In-cell architecture of the nuclear pore complex and nuclear membrane remodeling during its assembly and turnover

  • Datum: 18.12.2019
  • Uhrzeit: 13:00 - 14:00
  • Vortragende(r): Matteo Allegretti
  • EMBL Heidelberg
  • Ort: Max-Planck-Institut für biophysikalische Chemie (MPIBPC)
  • Raum: Tower IV, Seminar Room, 2nd Floor
  • Gastgeber: Prof. Dr. Patrick Cramer
  • Kontakt:
In-cell architecture of the nuclear pore complex and nuclear membrane remodeling during its assembly and turnover
The nuclear pore complex (NPC) is an essential membrane protein complex in
eukaryotes shaping a hole in the nuclear envelope. Due to its dimensions (~100 MDa
in H. sapiens) the elected method to determine the structure of the intact complex
scaffold has been cryo electron tomography and subtomogram averaging (vonAppen,
2016) in combination with crystal structures from purified components (Hoelz, 2019).
In our study we perform extensive cryo-FIB-milling coupled to cryo-electron
tomography and subtomogram averaging to get structures of the entire NPC scaffold
in exponentially-growing cells with and without protein knock-outs. The new
structures not only largely overcomes in resolution previously determined structures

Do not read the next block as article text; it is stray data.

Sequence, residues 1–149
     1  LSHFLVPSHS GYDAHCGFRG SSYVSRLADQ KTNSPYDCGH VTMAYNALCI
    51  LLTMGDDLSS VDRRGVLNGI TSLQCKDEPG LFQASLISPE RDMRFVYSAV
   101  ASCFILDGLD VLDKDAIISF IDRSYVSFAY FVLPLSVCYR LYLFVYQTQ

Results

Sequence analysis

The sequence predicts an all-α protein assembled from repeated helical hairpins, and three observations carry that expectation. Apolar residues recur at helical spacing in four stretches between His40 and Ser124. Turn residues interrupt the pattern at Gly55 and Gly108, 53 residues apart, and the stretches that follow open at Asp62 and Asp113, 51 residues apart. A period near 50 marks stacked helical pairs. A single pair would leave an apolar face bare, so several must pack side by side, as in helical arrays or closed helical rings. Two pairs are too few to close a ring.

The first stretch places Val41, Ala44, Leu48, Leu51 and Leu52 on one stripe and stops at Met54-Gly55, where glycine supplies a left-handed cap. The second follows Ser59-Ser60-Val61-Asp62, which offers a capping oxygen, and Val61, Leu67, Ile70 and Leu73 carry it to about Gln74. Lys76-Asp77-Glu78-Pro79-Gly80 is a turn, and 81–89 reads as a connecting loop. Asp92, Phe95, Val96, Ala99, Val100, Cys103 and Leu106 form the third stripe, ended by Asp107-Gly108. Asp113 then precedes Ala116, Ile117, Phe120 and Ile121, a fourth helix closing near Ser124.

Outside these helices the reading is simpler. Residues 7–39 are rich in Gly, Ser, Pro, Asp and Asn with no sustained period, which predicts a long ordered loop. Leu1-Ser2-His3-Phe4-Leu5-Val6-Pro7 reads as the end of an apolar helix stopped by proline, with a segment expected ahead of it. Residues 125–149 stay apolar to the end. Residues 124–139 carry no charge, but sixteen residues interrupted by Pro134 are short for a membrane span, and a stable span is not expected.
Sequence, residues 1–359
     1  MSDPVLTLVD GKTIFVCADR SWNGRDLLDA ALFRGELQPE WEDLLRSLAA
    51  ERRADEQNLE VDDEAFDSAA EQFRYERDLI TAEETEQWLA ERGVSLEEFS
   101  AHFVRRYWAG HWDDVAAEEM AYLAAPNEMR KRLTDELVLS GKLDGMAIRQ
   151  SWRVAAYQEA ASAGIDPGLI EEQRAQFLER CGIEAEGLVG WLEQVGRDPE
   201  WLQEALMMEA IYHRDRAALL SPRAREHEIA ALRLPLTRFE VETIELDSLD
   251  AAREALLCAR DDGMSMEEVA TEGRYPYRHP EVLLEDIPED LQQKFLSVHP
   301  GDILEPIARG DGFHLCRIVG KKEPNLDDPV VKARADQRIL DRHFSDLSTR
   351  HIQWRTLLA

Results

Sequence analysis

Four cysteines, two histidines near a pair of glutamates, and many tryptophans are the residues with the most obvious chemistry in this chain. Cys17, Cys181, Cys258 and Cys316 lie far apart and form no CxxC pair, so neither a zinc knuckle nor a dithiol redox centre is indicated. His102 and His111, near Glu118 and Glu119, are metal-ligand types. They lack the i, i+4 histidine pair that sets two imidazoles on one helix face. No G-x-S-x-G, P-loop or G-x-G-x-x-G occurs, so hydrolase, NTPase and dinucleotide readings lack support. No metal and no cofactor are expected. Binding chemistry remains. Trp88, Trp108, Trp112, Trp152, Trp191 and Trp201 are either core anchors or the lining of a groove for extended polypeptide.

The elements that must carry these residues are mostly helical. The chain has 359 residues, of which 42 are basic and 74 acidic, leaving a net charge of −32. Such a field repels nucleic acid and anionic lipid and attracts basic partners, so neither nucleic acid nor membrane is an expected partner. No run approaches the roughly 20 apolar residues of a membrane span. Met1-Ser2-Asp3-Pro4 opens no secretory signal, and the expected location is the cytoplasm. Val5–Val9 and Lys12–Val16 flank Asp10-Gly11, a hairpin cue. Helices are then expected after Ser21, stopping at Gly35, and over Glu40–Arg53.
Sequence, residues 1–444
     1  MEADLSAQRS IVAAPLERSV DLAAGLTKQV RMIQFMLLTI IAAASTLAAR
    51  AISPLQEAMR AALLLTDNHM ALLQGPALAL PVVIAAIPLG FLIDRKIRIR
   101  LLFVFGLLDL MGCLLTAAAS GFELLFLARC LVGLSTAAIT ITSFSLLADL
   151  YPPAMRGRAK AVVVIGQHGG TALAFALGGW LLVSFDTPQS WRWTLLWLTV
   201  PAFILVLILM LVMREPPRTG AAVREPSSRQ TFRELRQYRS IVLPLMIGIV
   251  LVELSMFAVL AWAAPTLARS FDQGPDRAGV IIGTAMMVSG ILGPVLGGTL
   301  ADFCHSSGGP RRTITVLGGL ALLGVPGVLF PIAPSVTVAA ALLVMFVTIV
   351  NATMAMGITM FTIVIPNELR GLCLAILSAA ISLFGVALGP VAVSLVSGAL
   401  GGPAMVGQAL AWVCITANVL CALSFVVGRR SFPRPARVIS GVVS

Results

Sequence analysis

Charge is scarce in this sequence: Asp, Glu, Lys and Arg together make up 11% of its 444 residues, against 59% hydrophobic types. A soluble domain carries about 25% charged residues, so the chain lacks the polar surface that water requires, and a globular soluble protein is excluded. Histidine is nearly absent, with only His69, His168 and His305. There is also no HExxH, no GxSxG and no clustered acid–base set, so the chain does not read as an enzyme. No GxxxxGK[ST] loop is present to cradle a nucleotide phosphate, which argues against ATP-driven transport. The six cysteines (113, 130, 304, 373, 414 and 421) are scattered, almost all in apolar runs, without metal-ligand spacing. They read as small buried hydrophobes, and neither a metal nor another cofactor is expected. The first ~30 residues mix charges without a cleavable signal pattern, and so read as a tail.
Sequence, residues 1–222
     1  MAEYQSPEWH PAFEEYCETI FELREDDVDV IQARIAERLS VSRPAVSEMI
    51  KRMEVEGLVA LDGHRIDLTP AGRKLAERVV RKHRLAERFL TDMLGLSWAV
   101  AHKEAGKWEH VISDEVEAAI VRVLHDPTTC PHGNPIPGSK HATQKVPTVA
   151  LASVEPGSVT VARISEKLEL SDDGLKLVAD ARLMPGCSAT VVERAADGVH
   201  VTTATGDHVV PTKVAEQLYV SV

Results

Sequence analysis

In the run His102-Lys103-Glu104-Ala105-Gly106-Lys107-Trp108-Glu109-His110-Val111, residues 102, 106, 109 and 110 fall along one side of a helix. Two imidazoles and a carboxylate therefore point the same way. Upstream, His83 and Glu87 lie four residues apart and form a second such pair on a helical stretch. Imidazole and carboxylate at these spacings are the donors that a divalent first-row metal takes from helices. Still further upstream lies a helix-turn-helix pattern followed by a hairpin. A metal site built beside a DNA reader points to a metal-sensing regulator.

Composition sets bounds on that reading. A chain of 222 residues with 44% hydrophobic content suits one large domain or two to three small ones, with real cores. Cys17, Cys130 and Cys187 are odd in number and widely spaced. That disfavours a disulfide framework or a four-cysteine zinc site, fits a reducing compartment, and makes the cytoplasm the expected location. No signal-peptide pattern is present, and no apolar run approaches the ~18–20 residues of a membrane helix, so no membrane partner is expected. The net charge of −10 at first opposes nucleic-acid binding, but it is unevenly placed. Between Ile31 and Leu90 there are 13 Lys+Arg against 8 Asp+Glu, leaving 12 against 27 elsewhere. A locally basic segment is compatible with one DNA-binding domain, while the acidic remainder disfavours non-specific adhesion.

with the same method (Mahamid, 2016; Mosalaganti, 2018), but also shows significant
differences in sub-complexes architecture to previous in vitro work (Kim, 2018),
emphasizing the importance of determining structures of membrane proteins in their
native membrane context. We combine the in cellulo structures with integrative
modeling and crosslinks analysis and show that the main mRNA export platform architecture
reveals a new configuration that accommodates spatially and temporally the existent
biochemical data. The new mRNA export architecture discloses also the cytoplasmic exposure
of an NPC-intrinsic autophagic receptor (Lee et al, NCB 2019). We validate the NPC-Atg
interaction obtaining high-resolution snapshots using correlative light and
electron microscopy on plastic sections (Kukulski, 2011), and 3D-cryo CLEM (Arnold, 2016) demonstrating
that NPC degradation occurs through membrane remodeling events at the nuclear envelope and
passes through an autophagosome intermediate owning NPC-containing nuclear
vesicles in the cytoplasm. Our results highlight the power of in cell structural biology
to provide novel insights into two fundamental processes of eukaryotic life.
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